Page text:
I’ve waited a long, long, long time to take another professional headshot. And I had to come to grips with why–after all, I am checking off some great career bucket list items (to the tune of a 3-book series plus more). I had to ask myself why I didn’t want to take a new photo and could just settle with an old, outdated one (the one in the middle was taken in 2008).
Somewhere down the line, I decided that a picture is so one-dimensional. You can look at the smile and hair and make-up and just make up a story about that person based on what you see; you can decide that all is wonderful in the subject’s world. And it’s just not the case. And, in some pictures, like the smaller one above, which was taken at least 12 years before the larger, current one, you can see that there is no sparkle in my eyes. Well, I can see it. I was in the middle of some tough times–even though I needed a professional quality headshot for some great work I was given the opportunity to do. But to me, that picture captures my sadness, my confusion and my depression. Sure, I’m smiling, but that smile doesn’t fully capture who I know I am. It shows a repressed version of the me I’ve grown to know and cherish. It doesn’t show my natural exuberance. To me, it shows that life hit me–hard! I don’t see joy in my eyes, I see the weight of the issues I was carrying; I see the reminder of the numb feeling I couldn’t quite figure out. But then I look at the one I took just this month (July 2016) and I see the sparkle back in my eyes. I know this photo has been touched up a bit–and quite frankly, I’m totally okay with that–but even in the raw footage, I saw a glimpse of joy and happiness reflected in my eyes, the window to my soul. The joy does not just come from all of the exciting things happening to me right now, but from years of praying and pushing and pulling and fighting to be whole again. It’s a process, but I’m thankful for the journey. I have learned so much—and clearly have more to learn—and I have picked up some empathy and compassion for people struggling.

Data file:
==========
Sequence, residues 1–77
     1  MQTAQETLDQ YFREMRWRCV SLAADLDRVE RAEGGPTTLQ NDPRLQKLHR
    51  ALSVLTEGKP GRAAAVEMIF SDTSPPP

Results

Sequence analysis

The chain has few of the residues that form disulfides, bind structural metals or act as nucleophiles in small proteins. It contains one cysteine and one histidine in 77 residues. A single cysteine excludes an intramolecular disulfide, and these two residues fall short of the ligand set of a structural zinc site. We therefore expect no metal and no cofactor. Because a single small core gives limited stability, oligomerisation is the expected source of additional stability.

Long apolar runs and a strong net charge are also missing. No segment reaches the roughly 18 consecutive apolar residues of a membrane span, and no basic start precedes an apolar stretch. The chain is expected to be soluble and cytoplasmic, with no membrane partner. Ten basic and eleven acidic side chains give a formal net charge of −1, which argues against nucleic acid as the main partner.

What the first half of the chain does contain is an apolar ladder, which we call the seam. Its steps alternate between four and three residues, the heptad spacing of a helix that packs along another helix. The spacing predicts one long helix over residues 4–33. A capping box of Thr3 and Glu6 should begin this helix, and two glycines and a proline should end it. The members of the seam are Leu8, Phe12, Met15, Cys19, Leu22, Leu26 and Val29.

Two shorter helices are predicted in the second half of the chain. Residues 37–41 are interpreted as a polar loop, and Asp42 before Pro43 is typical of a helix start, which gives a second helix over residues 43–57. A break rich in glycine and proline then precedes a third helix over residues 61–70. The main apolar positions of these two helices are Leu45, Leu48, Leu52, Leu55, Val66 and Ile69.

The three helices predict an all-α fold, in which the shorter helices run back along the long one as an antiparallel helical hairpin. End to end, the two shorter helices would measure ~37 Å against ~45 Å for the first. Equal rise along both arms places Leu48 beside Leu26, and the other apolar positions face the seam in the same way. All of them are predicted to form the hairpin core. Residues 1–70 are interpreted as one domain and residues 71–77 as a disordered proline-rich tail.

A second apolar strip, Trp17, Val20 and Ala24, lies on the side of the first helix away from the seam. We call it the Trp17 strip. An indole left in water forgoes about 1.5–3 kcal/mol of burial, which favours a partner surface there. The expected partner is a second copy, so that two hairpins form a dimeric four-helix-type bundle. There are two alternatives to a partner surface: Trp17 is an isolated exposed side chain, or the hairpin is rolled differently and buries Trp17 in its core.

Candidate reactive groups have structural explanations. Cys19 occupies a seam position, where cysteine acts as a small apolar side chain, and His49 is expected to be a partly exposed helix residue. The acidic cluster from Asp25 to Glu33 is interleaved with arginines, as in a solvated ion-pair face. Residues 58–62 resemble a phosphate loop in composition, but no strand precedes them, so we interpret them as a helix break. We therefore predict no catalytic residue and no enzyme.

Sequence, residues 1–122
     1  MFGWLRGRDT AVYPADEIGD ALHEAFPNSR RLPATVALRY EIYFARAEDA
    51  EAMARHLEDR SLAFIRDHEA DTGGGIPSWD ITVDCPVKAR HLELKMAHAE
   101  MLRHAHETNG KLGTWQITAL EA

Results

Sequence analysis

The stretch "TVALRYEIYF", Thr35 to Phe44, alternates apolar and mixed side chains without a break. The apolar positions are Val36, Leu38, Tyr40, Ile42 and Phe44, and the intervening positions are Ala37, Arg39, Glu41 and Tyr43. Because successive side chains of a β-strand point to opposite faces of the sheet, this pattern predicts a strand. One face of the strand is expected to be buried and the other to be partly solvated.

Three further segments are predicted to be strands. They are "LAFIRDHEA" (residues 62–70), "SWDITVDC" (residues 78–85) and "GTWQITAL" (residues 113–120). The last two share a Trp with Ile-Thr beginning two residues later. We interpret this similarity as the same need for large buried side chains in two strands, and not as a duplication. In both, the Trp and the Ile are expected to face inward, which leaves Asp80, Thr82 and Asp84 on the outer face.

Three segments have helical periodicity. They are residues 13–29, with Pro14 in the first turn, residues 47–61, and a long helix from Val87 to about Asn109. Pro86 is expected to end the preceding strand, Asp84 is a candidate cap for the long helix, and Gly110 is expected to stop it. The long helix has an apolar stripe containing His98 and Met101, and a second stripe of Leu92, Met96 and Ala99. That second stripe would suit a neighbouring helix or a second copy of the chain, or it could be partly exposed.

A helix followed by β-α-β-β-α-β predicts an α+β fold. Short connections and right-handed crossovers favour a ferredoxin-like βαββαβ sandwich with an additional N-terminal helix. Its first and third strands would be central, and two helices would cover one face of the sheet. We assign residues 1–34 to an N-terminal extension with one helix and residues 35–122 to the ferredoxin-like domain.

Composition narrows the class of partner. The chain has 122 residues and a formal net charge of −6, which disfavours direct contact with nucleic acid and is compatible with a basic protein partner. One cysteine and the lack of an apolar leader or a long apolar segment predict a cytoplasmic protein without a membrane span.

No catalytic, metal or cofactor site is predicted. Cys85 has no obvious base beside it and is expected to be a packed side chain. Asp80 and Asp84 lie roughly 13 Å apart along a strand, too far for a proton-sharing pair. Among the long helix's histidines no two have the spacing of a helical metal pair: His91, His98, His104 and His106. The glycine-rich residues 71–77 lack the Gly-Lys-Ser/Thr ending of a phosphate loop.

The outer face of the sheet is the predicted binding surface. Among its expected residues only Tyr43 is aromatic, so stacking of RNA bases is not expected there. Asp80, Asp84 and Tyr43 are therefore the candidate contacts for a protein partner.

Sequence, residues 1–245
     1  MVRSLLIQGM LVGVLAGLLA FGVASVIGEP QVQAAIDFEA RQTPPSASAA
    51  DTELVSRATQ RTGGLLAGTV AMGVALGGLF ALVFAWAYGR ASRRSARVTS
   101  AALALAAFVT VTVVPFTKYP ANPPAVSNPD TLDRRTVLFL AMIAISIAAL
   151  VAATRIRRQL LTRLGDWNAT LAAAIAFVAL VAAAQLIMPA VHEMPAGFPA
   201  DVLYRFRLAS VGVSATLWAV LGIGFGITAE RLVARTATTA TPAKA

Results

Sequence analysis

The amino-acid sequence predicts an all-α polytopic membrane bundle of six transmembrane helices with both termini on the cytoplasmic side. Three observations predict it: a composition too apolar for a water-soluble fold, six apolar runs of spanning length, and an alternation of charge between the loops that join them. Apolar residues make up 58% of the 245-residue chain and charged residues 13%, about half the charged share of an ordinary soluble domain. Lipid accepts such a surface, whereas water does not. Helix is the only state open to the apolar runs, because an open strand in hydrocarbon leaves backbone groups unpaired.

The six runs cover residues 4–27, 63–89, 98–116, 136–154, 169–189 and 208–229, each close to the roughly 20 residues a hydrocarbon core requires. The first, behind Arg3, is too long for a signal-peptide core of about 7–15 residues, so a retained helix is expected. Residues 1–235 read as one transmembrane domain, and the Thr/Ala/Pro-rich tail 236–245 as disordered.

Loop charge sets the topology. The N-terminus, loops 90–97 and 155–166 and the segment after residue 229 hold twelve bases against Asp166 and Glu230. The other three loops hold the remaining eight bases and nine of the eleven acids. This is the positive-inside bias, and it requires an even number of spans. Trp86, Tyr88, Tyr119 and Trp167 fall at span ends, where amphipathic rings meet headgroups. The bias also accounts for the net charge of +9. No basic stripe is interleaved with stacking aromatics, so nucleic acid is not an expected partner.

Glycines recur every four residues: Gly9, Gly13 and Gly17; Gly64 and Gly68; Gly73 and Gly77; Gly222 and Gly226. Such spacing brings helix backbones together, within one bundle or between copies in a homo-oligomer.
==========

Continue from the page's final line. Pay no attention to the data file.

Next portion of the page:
So, if you find yourself where I was in the first headshot–dulled by life yet still smiling for a photo–I encourage you to keep going. It didn’t happen overnight–and even now I’m not always tuned into that exuberant high–but God has helped me rekindle joy and has returned just a bit of sparkle to my eyes. I am thankful. It feels good to be joyous again.
“The greatest results in life are usually attained by… common-sense and perseverance.” –Owen Feltham (according to my July 2016 wall calendar!) Keep going, my friend!